Recently I came across the story of a young man named Larry Carlet, who lost his job and got divorced due to Internet addiction. This internet addict would tweet as much as 30 times daily and was able to amass over 25,000 followers in three years.
His boss accused him of violating the company’s social media policy, and he was asked to choose either to delete the account or face sack, and he chose to terminate his job. Barely a month later, he tweeted something silly about his wife, and she filed a divorce. Larry eventually left the social media platform. I hope he didn’t die of depression.
A study reveals that worldwide internet use increased by 1000% between the years 2000 and 2015. If you’re looking for an explanation for why social media is growing that much, the reason is more straightforward than you thought. Many users come together for connection feasibility, accessibility to information, or ease of communicating with other users.
Many people, especially the youth, are now addicted to social media; they stay online as if their lives depend on it. Addiction to mobile phone or computer use is more common in teens and young adults, probably because they are the users who have grown up alongside this technology.
However, spending an excessive amount of time on the internet doesn’t necessarily mean you are an addict. People now spend many hours on the internet for school, work, and many other important reasons. Freelancers and other people earn their living online while some people study online. I’m not referring to these categories of people. After all, they are using technology to improve their lives.
What makes you an internet addict? Internet addiction, otherwise known as ‘Compulsory use of the internet.’ can be characterised by excessive or poorly controlled preoccupation, urges, or behaviour regarding computer use and internet access, leading to distress or impairment. Imagine a couple laying on a bed, each deeply engrossed with their phone, and dealing with the internet for hours, without talking to each other. That’s what addiction can do.
Well, If you would agree with me, I think all these makes you an addict:
Staying online longer than you intended to.
- Going online without any intention.
- Feeling bored whenever you are not connected to the internet.
- Neglecting other important tasks because you are connected to the internet.
You can add yours too. When you lose pleasure in real-life activities because of the internet, you become an addict.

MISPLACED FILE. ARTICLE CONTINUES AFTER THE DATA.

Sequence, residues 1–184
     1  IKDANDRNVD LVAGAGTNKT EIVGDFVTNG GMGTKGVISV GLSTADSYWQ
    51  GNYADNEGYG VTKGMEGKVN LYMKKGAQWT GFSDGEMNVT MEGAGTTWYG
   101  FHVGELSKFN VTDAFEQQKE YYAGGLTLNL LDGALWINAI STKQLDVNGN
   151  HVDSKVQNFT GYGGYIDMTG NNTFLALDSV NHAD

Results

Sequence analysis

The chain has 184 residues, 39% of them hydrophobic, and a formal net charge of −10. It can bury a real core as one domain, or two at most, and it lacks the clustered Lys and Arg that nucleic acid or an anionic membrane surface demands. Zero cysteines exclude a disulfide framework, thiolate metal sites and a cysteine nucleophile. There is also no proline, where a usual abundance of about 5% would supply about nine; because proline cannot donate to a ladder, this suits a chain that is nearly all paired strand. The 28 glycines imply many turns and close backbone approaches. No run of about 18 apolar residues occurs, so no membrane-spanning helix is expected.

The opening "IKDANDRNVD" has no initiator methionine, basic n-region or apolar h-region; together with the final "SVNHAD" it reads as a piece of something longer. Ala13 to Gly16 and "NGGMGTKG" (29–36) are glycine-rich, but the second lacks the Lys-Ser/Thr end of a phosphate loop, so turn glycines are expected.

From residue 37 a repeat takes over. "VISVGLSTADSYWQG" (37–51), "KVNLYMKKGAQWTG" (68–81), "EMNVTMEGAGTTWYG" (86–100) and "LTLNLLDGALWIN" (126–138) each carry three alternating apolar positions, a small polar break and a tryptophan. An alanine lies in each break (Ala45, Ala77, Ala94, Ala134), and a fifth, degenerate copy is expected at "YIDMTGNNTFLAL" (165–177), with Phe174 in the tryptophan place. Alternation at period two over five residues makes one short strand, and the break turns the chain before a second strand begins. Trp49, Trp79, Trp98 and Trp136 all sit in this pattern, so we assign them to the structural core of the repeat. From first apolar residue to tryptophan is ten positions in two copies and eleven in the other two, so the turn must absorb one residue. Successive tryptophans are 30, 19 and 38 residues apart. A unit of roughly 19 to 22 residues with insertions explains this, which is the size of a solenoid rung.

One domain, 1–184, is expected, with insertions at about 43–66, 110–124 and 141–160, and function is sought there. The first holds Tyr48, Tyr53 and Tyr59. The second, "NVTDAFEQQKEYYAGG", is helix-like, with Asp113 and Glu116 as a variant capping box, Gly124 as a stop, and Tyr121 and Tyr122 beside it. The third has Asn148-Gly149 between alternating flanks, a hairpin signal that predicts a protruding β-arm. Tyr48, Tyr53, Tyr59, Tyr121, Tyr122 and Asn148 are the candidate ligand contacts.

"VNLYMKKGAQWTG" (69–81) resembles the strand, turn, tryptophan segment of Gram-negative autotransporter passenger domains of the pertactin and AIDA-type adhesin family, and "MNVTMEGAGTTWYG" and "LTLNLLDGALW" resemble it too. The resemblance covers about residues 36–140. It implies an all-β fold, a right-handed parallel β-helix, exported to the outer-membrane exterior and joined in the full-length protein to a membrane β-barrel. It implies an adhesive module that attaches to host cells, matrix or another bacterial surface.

A young lady discovered Facebook recently and turned into an addict within a short time. She influenced her little brother, and they both stopped doing their chores. Her parents confronted her, and she killed herself by hanging. Online chatting, gaming, gambling could turn you into an internet addict.
After much brainstorming, I discovered that depression and loneliness might be the primary causes of internet addiction. People try to avoid family or personal problems, which creates even more discomfort in the long run. Besides, loneliness and social phobia have led many people to relate only to the network.
Don’t you see BAD HEALTH as a consequence of internet addiction? Does an internet addict have enough time to sleep? Does an addict have time to exercise his body? He finds it hard to get proper exercise, and he strains his eyes too.
Other consequences might include bad social life (since he finds it hard to relate with people physically) and underperformance in academics. Can we solve the problem of internet addiction? Well, here are my suggestions, and you might find them helpful:
1. Know when to stay online and manage your time properly.
2. Discover healthier ways to get out of depression, like reading and regular exercise.
3. Relate with people more than ever before and socialise more with people offline.
We’ve identified the causes and consequences of internet addiction. It’s worthy of note that the World Health Organization has recognised internet addiction as a disorder (Internet Addiction Disorder). Since nobody wants to suffer from any disorder, I implore us to stop internet addiction to better our lives.